After the Loma Prieta earthquake struck in 1989, the radio tower was sealed shut -- until Eugene Ashton-Gonzalez found a way to sneak inside.

After the Loma Prieta earthquake struck in 1989, the radio tower was sealed shut -- until Eugene Ashton-Gonzalez found a way to sneak inside. (Courtesy Mona Caron)

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On a recent evening I joined a group of strangers on a twilight tour of San Francisco’s Yerba Buena Island. This wasn’t your typical urban outing. First, consider our guide, an artist named Eugene Ashton-Gonzalez. He’s wearing a tattered nautical jacket and a two-day beard. He’s confiscated our cellphones and placed them in a heavy briefcase.

Then there’s our stealthy, guerrilla-style approach. Ashton-Gonzalez leads us across a small beach, around a clump of trees and up a steep trail. As we pass rows of empty military homes, he orders us to take cover while a private security guard passes nearby. We’ve entered a restricted area that is scheduled for demolition.

“Step lightly,” he whispers.

At the top of the island we dart across a small parking lot to reach our destination — a lonely wooden tower. Ashton-Gonzalez delivers us through a secret passage and up a darkened staircase to the top floor.

That’s when our collective jaws drop. It’s as if we’ve entered the bridge of a giant ship anchored grandly in the middle of the bay. Jutting beneath us are the white towers of the Bay Bridge. And shimmering all around are the lights of San Francisco, Oakland, Berkeley and beyond.

Events here are free unless food is served, and typically involve 15 or 20 people invited by previous guests.
Events here are free unless food is served, and typically involve 15 or 20 people invited by previous guests. (Courtesy Mona Caron)

Welcome to the Signal Room. It’s a rogue museum and a modern-day speakeasy, except that the illicit part of the experience is not what you drink, but how you get in.

Ashton-Gonzalez created the Signal Room last year after returning from a few years in New York City. He was moonlighting as an actor and storyteller, and conspiring with a group of urban explorers and trespassers. Their rogue pop-up projects included running a bar in an abandoned water tower in Manhattan.

Ashton-Gonzalez was looking to replicate his New York experiences back in his hometown. That’s when he discovered the abandoned radio tower on Yerba Buena Island and began researching its history. It was built by the military in 1917 to direct ships through San Francisco Bay. Later, it guided aircraft during World War II and served as an officers club. After the Loma Prieta earthquake struck in 1989, the building was sealed shut. Until Ashton-Gonzalez found a way to sneak inside.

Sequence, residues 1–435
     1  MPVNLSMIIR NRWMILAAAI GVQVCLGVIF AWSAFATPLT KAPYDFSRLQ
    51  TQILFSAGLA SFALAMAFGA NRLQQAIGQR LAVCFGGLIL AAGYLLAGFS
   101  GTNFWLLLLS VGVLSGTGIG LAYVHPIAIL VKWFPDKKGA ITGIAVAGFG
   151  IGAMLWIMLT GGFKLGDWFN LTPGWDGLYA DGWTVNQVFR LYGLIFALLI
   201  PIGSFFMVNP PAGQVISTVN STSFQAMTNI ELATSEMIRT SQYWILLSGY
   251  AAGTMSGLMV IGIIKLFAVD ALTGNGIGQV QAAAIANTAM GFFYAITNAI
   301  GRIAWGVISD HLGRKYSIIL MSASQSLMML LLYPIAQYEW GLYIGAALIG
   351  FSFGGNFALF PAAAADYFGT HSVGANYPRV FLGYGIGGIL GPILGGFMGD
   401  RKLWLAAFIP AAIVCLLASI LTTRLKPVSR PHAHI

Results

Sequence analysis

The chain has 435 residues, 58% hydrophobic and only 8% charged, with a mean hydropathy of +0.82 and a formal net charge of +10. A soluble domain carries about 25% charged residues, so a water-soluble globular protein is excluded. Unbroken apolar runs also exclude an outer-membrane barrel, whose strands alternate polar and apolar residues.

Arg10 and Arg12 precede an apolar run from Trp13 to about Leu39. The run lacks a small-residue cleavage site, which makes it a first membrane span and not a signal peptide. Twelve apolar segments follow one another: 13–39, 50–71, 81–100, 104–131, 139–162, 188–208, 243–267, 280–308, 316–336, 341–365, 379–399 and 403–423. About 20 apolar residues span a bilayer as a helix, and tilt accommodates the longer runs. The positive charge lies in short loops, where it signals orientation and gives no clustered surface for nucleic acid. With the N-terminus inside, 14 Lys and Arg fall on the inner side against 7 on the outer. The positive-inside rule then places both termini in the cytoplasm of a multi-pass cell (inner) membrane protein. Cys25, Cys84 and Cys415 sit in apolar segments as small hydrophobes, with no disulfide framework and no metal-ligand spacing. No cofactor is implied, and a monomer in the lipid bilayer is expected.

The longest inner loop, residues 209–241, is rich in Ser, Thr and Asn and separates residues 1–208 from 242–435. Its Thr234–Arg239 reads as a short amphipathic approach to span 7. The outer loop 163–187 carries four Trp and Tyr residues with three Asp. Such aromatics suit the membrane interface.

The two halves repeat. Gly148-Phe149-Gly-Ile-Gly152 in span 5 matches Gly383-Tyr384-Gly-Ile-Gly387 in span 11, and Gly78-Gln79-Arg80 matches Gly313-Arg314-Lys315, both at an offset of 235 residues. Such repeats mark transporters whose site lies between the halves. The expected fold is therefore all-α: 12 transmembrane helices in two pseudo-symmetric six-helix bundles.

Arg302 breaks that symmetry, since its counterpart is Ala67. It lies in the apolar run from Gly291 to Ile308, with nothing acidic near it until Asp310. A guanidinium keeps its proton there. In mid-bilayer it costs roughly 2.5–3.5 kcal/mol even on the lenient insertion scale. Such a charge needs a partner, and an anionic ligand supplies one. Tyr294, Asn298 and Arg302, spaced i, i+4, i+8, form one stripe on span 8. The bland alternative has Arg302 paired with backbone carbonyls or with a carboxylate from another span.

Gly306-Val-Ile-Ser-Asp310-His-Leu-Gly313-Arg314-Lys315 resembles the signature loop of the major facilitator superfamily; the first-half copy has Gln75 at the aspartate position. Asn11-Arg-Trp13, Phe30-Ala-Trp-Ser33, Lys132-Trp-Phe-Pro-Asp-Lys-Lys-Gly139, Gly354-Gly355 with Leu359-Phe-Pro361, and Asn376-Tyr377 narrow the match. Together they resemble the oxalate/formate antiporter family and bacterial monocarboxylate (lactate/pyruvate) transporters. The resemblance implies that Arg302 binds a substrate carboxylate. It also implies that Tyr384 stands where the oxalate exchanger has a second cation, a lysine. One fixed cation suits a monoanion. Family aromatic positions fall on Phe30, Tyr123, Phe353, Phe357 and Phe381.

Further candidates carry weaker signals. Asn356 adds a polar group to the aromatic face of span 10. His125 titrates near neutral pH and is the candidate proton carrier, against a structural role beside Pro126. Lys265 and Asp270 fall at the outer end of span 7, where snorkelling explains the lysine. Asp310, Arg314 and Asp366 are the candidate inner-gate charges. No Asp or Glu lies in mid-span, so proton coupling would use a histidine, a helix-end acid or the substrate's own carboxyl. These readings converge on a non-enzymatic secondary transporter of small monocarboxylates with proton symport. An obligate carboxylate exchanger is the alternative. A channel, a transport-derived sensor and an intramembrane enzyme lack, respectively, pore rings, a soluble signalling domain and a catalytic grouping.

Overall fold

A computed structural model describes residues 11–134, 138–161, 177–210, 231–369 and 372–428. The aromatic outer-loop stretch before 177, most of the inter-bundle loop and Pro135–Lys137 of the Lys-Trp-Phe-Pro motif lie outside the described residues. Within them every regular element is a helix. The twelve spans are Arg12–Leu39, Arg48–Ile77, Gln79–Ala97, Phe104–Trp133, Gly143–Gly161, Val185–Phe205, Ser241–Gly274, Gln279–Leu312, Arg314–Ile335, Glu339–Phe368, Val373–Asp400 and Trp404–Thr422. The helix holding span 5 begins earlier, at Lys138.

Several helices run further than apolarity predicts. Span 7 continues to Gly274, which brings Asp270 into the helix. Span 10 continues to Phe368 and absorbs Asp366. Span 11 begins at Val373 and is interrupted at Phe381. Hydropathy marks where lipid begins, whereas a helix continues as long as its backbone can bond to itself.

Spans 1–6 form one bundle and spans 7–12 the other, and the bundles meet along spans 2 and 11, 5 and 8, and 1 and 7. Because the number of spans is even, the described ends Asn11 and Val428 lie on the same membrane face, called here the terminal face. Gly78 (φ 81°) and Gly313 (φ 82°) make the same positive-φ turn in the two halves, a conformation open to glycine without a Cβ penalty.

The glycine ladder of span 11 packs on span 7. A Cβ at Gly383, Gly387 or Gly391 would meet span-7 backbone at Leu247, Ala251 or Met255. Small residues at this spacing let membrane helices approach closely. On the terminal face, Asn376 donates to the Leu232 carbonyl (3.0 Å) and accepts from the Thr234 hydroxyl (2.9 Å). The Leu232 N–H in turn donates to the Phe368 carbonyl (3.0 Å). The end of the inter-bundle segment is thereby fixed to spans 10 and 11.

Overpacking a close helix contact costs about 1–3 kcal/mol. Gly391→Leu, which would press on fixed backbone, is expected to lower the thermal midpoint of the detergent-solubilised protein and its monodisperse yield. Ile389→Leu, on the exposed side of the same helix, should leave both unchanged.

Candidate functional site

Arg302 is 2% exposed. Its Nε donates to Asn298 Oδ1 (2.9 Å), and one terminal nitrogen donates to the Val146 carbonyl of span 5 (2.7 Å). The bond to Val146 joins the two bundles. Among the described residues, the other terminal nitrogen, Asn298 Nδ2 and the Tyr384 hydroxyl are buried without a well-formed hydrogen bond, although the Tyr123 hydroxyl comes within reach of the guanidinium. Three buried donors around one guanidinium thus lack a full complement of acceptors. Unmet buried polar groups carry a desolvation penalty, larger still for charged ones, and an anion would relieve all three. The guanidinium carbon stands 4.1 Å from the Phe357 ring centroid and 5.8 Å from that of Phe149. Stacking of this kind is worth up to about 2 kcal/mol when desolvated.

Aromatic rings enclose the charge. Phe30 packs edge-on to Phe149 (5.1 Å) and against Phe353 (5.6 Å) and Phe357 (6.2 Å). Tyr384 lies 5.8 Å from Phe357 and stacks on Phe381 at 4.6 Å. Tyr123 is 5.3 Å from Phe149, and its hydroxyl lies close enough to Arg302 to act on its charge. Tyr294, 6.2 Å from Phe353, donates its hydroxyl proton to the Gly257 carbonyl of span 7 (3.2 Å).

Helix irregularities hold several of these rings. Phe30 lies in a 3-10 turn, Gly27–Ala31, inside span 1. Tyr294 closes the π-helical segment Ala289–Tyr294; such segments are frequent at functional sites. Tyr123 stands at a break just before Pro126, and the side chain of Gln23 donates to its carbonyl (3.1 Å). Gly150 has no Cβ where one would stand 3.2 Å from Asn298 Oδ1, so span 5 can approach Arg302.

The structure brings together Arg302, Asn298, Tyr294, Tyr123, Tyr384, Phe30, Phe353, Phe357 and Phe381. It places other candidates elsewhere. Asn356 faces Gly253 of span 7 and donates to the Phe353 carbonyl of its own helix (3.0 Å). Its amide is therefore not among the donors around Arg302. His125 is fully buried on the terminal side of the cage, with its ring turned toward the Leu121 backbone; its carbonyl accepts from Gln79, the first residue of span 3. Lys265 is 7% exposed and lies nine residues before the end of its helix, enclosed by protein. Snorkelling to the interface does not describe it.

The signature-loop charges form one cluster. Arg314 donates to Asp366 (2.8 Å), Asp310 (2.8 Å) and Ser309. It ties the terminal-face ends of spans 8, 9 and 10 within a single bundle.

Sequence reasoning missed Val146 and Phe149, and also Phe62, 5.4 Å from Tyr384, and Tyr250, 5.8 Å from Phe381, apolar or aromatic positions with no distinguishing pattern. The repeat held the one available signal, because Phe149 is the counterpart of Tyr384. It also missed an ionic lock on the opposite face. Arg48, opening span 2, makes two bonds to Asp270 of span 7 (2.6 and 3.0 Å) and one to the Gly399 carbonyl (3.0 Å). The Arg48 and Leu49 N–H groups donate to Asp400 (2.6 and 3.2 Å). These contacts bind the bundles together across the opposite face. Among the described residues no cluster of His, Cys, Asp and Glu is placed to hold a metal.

Navy signal corpsman F.R. English at the berth board receiving instruction from Chief Signalman Stanley Jones. The operations of the signal tower were military secrets until Dec 27th, 1945. One of the towers of the Bay Bridge's western span is visible in the background.
Navy signal corpsman F.R. English at the berth board receiving instruction from Chief Signalman Stanley Jones. The operations of the signal tower were military secrets until Dec. 27, 1945. One of the towers of the Bay Bridge’s western span is visible in the background. (Save the Signal Tower/Facebook)

Working with a small group of artists and urban explorers, he repaired and resupplied the tower. He installed tiny exhibits detailing the island’s history — as an Indian burial site, as a smugglers’ haven and as a listening post for the military. He’s also staged dozens of secret events — from small concerts and poetry readings to panel discussions and plotting sessions — making this location the most exclusive (or certainly the most restricted) nighttime venue in the Bay Area.

Events here are free (unless food is being served) and typically involve 15 or 20 people who are invited by previous guests. Eugene says that protects against what he calls “cool hunters.” On my visit I nibbled on plates of smoked lamb, while a group of storytellers recounted old family yarns and Oakland-based musician Alycia Lang sang her tender songs.